Case Study

PERSONAL INFORMATION FACTOR: A tool to tell if and how to share your datasets


The Personal Information Factor (PIF) Tool measures the risk associated with releasing a dataset, proposing recommendations for sharing data that pivot around privacy considerations. When risks are high, the AI-enabled tool analyses attack vectors and automatically transforms the data, making it suitable for publication. The tool is geared for sharing data across sectors like healthcare, transport, financial services and smart cities, at scale.



This project is a collaboration between the Cyber Security CRC, CSIRO’s Data61, the Australian Computer Society (ACS) and the NSW and WA Governments.



Data sharing offers huge potential for innovation in service delivery and economic efficiency, but personal privacy concerns remain a hindrance to effective data sharing. Simple data de-identification has proven ineffective in protecting data privacy, as shown by high profile data re-identification attacks. To increase the confidence of data custodians when sharing data, users should be aware of the re-identification risks and more effective ways to mitigate these.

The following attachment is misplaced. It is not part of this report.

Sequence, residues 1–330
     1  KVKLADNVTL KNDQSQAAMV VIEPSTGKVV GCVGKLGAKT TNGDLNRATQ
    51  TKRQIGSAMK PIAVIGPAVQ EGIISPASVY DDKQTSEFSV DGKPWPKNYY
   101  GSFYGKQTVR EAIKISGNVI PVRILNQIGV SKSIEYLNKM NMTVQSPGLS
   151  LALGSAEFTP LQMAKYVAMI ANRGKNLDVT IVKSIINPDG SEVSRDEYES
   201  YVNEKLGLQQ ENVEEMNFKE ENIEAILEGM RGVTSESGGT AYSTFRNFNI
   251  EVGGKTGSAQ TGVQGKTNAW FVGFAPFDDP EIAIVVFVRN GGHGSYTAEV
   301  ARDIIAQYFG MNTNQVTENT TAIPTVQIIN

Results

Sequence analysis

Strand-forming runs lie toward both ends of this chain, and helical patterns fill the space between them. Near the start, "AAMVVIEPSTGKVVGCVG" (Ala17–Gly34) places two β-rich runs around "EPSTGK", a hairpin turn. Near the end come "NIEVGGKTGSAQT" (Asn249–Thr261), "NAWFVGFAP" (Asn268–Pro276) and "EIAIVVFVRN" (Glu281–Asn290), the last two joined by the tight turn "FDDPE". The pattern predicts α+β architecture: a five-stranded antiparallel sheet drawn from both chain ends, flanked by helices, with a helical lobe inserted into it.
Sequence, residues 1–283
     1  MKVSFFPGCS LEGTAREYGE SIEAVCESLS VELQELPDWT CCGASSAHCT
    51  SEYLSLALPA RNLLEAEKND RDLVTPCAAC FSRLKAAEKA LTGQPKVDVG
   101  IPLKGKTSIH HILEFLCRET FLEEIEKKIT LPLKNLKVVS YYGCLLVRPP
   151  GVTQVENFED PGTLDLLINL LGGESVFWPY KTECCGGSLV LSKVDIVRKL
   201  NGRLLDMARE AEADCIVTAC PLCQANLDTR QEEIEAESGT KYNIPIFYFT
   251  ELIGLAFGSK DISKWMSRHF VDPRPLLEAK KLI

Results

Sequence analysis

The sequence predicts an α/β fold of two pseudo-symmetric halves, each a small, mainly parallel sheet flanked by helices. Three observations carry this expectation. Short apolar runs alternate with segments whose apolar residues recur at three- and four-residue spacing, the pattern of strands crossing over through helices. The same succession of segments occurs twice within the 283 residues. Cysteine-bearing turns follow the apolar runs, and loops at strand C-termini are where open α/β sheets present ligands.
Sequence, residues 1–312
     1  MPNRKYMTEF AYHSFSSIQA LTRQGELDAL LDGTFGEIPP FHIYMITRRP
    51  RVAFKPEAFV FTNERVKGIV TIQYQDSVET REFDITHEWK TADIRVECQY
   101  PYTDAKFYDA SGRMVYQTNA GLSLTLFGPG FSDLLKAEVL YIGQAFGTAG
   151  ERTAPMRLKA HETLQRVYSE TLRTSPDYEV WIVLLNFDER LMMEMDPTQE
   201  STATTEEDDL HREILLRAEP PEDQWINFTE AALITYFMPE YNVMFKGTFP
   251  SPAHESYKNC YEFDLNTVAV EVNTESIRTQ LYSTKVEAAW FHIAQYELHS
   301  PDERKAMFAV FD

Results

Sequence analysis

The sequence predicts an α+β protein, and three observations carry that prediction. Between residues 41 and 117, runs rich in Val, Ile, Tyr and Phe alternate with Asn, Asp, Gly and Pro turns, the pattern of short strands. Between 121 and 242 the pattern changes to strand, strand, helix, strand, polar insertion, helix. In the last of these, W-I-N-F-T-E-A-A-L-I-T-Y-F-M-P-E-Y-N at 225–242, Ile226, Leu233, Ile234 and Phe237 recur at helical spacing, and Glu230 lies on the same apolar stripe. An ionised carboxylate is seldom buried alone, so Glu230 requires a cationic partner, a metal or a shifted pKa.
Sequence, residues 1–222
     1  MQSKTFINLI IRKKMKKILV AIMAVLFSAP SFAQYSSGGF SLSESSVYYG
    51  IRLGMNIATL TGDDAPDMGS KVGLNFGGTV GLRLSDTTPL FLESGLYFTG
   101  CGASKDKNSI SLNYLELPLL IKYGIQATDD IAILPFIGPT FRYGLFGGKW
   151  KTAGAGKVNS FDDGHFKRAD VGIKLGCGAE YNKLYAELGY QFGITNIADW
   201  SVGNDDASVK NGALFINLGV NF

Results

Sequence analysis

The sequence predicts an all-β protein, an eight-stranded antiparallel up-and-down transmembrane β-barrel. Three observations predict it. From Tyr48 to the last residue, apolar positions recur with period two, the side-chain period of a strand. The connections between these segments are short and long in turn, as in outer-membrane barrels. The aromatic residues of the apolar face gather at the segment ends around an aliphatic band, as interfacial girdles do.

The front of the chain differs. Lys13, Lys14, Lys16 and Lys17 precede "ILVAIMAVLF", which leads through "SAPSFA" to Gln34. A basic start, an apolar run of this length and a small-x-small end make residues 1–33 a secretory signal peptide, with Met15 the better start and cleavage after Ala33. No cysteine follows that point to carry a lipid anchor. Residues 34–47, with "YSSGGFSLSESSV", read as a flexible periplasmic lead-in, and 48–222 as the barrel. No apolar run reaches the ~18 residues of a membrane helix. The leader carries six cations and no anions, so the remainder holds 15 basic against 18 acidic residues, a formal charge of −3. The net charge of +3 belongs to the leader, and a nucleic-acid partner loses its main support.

• Analyse privacy risks involved with sharing data;
  • Suggest recommendations for protecting sensitive data;
  • Raising awareness of the risks associated with data release to allow for better informed decision making



PIF uses Information Theory to compute privacy risk in a dataset. The tool suggests the associated risks and proposes recommendations for sharing data, for example suppression of certain attributes. The analysis results are also displayed as visuals, which makes interpretation easier. Based on the associated risks, the tool uses a provable privacy technique to perturb data. Unlike traditional tools which choose design parameters in an ad hoc fashion, the AI-based framework considers various attack vectors, the risk appetite of the user, and required level of accuracy, to select the design parameters.




PIF has already been used by the NSW Government to publish Covid data.


PIF can access the risk associated with publishing Opal Card data, hence protecting the privacy of individuals.

Domestic violence:

NSW Government is using the PIF tool to share domestic violence data.

Smart Cities:

PIF can be used to share energy usage of individuals without disclosing behavioural patterns.

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